which reposes unrecognized beneath the superficial appearances.

So we have to take seriously the idea, made familiar by such
writers as Charles Taylor, that interpretation goes all the way
down: that what a human being is, for moral purposes, is largely
a matter of how he or she describes himself or herself. We have
to take seriously the idea that what you experience yourself to be
is largely a function of what it makes sense to describe yourself as
in the languages you are able to use. We have to say that the
Deltas and Epsilons of Huxley’s Brave New World, and the
proles of Orwell’ s 1984, were persons only in the sense in which
fertilized human ova or human infants are persqns – in the sense,
namely, that they are capable of being made into persons. So we
pragmatists have to identify most of the wrongness of past male
oppression with its suppression of past potentiality, rather than in
its injustice to past actuality.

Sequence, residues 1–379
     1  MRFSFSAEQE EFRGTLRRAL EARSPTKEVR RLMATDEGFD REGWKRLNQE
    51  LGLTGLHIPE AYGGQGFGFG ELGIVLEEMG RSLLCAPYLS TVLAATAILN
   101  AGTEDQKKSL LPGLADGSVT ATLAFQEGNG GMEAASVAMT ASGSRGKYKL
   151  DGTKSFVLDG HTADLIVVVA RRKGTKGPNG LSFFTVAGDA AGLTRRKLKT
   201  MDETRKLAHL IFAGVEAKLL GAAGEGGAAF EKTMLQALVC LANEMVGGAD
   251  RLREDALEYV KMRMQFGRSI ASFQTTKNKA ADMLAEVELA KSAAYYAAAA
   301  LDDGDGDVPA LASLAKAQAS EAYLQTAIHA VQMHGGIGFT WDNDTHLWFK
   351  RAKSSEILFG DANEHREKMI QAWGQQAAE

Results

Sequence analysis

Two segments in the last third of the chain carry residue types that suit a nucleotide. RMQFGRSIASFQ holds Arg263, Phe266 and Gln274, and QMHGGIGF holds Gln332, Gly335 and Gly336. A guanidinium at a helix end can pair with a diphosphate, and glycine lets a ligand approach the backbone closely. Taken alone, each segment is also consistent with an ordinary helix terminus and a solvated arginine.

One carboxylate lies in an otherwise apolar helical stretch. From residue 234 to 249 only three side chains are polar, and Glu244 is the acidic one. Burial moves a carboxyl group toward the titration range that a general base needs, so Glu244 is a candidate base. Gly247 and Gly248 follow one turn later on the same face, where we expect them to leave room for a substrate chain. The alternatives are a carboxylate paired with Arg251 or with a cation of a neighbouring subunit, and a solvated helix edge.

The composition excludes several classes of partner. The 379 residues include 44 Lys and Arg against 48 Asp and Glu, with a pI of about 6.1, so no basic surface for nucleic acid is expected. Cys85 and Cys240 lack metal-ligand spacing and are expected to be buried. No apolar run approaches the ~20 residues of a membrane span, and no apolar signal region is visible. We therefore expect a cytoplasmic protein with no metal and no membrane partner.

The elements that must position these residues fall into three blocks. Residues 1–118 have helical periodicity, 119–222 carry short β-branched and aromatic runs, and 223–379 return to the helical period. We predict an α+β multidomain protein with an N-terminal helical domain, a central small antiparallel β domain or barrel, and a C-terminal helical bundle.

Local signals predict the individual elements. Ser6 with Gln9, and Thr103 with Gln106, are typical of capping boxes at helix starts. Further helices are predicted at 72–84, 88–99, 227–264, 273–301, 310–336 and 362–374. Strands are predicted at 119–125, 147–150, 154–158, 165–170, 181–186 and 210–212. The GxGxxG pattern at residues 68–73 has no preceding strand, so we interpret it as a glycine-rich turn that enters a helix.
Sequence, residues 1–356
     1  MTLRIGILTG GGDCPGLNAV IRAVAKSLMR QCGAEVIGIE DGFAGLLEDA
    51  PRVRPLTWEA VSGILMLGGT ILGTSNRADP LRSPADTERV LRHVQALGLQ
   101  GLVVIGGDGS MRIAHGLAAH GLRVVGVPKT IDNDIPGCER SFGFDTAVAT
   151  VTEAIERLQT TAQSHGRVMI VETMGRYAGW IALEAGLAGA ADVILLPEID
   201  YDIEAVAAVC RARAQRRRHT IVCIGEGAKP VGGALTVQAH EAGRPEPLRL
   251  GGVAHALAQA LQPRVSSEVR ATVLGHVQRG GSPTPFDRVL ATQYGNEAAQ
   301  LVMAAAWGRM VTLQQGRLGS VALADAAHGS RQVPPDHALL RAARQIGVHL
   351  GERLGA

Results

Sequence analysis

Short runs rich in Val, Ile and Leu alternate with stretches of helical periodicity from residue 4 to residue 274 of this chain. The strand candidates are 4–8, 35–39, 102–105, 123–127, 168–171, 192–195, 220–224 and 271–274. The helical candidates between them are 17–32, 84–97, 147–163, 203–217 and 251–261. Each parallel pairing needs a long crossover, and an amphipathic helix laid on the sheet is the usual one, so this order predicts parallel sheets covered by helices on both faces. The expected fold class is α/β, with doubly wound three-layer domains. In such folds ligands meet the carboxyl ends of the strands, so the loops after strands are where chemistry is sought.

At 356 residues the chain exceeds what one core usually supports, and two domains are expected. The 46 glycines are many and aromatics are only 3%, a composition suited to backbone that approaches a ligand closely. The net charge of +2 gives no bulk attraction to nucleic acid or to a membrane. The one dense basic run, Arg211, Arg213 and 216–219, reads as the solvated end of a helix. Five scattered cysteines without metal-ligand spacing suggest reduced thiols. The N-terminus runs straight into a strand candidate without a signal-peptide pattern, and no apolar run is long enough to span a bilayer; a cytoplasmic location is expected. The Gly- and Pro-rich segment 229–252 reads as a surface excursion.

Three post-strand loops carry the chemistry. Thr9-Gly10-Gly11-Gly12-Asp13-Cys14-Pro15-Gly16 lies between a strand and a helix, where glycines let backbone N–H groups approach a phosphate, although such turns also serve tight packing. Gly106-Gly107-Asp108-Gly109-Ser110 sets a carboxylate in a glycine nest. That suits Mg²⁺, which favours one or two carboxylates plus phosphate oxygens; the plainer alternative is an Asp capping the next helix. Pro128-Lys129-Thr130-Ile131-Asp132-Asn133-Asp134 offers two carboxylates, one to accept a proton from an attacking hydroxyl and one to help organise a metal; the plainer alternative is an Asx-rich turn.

In order to say that women are only now in the process of
achieving a moral identity as women, I do not need to deny that
some women have, in every epoch, had doubts about, and offered
alternatives to, the standard, androcentric, descriptions of women.

All I need to deny is that women have been able to forget the latter
descriptions – the ones which make them seem incapable of
being full persons. I am denying that women in previous epochs
have been able to avoid being tom, split, between the men’s
descriptions of them and whatever alternative descriptions they
have given to themselves. As an example of the sort of thing I
have in mind – of the need to name, and thus to begin to bridge,
what Frye calls ‘abysses generally agreed not to exist’ – consider